• The second avenue of support for business is the increasing use of technology to transform governance and deliver public entitlements and services. Both the Federal and State governments are deploying technology to ensure that time-bound decisions are delivered to business entities.
  • The third pillar to improve the economy is the Indian government’s focus on upgrading physical infrastructure such as roads, railways, airports in tier I, II and III cities, as well as sea ports. “The scale and scope of this task is immense. Our Sagarmala [meaning, sea necklace] project seeks to connect our long coastline and ports to the hinterland,” he said.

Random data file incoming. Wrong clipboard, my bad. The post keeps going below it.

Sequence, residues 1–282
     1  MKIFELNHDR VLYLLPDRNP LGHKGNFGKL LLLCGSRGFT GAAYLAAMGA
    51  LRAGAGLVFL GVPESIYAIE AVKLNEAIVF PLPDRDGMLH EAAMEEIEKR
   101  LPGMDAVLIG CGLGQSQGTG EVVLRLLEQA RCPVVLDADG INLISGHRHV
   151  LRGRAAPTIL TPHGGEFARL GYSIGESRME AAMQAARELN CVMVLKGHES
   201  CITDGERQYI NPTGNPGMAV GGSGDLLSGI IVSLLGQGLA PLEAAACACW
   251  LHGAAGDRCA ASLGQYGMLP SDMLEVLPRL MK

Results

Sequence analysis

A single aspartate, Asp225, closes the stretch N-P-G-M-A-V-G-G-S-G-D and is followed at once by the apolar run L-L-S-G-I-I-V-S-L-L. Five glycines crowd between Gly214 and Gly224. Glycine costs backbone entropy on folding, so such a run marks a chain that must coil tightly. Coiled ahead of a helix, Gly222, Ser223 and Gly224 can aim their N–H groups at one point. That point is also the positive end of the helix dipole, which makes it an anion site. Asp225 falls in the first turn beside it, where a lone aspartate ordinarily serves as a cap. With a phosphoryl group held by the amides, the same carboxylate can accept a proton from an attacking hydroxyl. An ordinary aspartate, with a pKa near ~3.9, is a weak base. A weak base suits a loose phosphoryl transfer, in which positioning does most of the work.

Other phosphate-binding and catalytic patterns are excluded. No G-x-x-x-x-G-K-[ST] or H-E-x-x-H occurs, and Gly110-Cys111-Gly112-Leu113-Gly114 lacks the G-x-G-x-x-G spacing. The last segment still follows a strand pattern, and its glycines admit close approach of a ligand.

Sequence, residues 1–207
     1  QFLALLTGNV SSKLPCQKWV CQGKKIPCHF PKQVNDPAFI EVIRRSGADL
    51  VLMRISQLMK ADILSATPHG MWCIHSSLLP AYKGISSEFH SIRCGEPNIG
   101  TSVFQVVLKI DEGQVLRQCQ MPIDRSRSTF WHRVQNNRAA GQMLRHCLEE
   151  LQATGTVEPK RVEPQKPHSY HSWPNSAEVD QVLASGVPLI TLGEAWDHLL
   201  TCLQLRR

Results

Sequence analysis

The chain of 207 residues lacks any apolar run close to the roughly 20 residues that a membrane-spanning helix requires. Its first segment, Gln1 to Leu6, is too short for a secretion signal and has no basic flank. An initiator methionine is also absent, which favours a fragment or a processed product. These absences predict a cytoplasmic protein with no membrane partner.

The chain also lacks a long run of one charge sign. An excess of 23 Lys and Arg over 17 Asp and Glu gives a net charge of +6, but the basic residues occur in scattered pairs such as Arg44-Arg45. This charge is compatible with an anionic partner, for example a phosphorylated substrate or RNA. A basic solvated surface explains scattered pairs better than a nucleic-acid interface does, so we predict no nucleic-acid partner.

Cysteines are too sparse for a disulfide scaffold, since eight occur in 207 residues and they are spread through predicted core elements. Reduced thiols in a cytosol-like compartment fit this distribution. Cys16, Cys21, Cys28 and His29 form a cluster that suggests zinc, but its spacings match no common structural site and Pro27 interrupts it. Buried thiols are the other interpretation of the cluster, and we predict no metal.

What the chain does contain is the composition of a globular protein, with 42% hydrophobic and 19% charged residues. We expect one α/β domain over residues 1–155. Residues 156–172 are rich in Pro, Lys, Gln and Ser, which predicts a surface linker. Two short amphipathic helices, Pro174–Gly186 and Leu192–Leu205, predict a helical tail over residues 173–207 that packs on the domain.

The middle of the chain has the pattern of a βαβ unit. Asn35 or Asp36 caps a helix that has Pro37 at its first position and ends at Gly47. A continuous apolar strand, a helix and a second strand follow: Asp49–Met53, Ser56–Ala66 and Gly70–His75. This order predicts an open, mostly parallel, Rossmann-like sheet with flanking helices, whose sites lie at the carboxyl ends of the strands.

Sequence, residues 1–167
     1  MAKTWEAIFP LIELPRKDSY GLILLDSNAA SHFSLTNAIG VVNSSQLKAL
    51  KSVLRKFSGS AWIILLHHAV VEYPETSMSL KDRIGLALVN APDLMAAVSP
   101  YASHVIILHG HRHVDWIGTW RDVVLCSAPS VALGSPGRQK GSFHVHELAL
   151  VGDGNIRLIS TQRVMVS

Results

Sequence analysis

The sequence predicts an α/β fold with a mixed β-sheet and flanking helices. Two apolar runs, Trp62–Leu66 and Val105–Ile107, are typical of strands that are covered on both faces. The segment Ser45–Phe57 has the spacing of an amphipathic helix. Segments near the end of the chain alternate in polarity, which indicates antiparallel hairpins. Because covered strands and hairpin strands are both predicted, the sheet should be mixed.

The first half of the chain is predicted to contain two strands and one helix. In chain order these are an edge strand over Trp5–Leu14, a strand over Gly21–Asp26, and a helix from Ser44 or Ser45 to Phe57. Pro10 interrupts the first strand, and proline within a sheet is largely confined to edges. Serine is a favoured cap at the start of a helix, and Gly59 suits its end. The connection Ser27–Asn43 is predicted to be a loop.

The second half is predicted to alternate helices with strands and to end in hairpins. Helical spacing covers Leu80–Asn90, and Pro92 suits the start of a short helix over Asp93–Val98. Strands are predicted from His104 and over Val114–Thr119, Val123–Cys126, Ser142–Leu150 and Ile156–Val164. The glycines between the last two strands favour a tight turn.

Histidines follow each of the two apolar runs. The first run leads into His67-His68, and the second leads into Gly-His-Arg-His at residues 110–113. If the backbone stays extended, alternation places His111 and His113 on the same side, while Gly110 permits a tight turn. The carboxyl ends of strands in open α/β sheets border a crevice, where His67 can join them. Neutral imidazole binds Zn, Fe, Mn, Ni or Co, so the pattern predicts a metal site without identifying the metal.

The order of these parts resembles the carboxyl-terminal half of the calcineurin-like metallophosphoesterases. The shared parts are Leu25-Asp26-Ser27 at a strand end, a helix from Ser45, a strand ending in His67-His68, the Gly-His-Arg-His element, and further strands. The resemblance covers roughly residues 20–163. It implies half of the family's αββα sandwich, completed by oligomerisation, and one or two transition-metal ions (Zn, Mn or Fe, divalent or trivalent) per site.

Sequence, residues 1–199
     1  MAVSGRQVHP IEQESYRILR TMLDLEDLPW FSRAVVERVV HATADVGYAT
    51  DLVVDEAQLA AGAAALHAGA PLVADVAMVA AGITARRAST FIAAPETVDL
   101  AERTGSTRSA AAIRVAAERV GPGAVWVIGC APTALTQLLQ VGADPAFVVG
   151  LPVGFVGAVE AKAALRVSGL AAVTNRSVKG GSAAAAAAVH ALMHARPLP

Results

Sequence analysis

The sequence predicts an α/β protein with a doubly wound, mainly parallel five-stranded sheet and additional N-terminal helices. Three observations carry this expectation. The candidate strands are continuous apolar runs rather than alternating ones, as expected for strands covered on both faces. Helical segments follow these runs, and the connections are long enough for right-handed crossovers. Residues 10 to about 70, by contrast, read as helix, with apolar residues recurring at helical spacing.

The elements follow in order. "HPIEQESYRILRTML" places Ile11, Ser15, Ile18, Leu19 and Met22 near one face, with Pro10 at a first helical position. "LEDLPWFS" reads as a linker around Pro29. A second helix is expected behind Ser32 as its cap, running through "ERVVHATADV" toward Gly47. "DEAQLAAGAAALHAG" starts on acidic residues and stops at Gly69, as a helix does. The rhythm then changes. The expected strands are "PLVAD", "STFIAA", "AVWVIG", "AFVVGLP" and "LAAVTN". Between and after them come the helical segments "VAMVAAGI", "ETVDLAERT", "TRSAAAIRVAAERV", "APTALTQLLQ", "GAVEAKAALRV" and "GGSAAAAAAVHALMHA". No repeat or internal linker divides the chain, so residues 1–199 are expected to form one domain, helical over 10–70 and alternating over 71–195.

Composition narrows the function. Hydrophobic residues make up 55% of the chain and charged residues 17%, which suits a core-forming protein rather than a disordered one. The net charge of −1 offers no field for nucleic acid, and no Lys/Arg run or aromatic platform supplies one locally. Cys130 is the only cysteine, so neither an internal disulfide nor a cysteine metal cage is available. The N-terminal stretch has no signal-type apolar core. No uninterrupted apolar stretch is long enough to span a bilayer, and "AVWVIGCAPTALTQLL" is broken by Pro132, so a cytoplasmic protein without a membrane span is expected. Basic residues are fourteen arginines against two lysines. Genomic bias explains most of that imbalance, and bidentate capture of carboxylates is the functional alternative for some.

• The prime minister said he was aware that India needs to be aligned with the world in major policy areas such as “the entry and exit of businesses, IPRs, or arbitration and commercial adjudication. We have moved very decisively to brush up the framework to bring them in line with global best practices,” he added.
  • “The fifth pillar is inclusive economic development. As I said, the biggest reason for fracture within the countries is inequality and disparity leading to divide and distrust,” stated Modi.
PM Modi in Davos for World Economic Forum Meet

PM Modi in Davos at World Economic Forum

January 24, 2018   No Comments

Israel’s Netanyahu Hails “New Era” in Ties with India